- Learn from others
Jeff realized I was making that canoe a few minutes before I did, but he was smart enough to wait. When the ax started gliding over the top instead of removing chips of wood, I stopped and cocked my head to one side, as I do when I’m thinking. He asked if I wanted some help (SUCH a very wise man!) and I gladly accepted his offer. He showed me how to make a small V that led to a point of ever-thinning wood. Ohhhh. Now I get it!
There is so much we can learn about prayer from other people. There is no reason for us to try and reinvent the wheel. We have examples in the Bible from great pray-ers like David and Daniel and Solomon, we have books written by mighty people of faith over the last few centuries, we have people in our churches and circle of friends who just seem to know how to talk to God, and as Romans 8:26 reminds us, we also have the promised Holy Spirit who will lead us in our times of prayer.
- Generic wishy-washy prayers get the same result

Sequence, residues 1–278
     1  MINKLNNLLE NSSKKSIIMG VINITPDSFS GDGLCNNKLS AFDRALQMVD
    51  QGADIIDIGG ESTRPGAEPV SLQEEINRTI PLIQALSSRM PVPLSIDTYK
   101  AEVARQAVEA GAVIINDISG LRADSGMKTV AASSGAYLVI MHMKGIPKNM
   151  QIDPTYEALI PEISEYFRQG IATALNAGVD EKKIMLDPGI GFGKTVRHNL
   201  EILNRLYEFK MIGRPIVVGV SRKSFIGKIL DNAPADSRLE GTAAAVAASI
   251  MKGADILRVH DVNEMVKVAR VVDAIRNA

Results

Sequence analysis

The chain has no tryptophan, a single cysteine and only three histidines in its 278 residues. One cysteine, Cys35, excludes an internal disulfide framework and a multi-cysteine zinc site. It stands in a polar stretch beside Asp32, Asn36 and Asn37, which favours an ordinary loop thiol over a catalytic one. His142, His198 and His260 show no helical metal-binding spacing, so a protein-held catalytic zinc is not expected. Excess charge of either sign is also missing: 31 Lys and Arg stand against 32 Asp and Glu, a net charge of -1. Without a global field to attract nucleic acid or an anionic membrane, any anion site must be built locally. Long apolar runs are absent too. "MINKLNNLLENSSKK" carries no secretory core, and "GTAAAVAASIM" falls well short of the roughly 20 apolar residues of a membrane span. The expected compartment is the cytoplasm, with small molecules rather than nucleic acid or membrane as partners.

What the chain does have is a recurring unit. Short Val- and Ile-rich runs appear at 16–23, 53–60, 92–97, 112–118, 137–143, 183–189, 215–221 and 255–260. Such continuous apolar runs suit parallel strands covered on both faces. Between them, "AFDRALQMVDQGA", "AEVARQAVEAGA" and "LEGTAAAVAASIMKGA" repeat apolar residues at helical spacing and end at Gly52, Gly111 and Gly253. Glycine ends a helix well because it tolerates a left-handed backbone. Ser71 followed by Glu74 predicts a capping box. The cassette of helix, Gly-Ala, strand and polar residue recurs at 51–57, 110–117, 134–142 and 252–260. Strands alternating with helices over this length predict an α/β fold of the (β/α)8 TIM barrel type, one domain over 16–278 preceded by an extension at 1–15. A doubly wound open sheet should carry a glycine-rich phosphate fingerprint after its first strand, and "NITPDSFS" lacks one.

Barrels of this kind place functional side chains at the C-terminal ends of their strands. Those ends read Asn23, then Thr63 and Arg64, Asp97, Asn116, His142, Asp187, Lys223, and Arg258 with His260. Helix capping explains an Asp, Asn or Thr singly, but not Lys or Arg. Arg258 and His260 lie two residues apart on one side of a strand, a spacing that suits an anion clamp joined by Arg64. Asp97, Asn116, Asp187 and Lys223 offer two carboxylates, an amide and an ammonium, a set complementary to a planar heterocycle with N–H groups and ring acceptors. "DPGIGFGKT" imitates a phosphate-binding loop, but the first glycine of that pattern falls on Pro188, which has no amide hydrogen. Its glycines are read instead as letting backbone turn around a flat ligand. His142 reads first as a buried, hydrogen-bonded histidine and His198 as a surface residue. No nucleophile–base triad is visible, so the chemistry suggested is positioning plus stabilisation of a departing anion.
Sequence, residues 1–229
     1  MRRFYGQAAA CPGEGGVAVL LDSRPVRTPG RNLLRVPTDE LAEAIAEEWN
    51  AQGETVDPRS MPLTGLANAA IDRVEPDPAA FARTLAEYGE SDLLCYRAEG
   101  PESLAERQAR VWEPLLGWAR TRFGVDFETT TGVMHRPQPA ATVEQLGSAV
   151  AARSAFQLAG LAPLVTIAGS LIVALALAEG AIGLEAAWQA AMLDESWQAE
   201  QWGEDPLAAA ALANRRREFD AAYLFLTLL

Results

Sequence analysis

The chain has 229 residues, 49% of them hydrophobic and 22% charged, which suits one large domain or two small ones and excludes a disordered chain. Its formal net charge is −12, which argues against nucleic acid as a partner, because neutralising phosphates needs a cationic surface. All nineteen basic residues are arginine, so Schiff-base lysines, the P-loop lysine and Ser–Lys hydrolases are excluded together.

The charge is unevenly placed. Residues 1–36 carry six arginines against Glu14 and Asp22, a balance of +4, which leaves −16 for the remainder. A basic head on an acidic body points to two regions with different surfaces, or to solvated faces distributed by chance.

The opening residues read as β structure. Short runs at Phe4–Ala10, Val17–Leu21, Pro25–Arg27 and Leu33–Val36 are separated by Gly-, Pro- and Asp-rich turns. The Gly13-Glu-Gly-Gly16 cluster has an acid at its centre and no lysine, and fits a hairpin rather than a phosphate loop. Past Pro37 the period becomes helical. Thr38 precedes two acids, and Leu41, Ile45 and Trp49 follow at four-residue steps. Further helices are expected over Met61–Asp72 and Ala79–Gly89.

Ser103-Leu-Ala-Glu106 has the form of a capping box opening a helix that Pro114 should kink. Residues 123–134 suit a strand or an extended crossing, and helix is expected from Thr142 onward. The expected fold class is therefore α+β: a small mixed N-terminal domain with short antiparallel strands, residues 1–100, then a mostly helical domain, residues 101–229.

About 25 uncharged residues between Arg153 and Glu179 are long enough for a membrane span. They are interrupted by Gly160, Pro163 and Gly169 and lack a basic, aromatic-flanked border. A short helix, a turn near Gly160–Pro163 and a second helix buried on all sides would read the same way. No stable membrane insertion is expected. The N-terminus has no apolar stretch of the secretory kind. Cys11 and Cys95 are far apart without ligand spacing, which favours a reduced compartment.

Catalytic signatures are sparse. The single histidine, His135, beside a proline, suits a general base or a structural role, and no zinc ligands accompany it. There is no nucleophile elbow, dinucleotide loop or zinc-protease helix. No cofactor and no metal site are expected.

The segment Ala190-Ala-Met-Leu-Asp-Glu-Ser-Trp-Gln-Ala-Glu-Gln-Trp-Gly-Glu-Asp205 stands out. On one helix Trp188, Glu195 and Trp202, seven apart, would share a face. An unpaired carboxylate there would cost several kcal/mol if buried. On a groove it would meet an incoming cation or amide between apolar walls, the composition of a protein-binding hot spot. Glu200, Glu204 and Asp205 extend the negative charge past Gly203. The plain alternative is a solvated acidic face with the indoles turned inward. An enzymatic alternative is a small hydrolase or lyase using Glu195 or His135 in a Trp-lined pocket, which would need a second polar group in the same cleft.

If we are not careful, a daily and consistent time of anything, including prayer, can fall into a rut. Just like swinging the ax all willy-nilly does nothing but waste my time and effort, so too can a half-hearted time of prayer. Our daily communication with God should be specifically targeted and deeply personal.
- Not quick, but very effective
It sure would be a whole lot quicker to lop up those trees with a chainsaw, and sometimes that is exactly what we do. Other times, however, it is the slow work done by hand that brings great satisfaction. When we pray each day, our intent should not be to get it over with as quickly as possible. Sometimes God is gracious and answers our prayers right away. More than likely, however, it takes time. Lots of time. More time than we would prefer. But in the end, as we look back, we can see the incredible value of the leisurely pace. After all, this isn’t about getting what we want when we want it. It’s about developing a relationship with our Father and growing into the likeness of His image.
Just as a quick aside, my two favorite books on the subject of prayer are The Circle Maker by Mark Batterton and Moving Mountains by John Eldredge. Both revolutionized my personal times of prayer.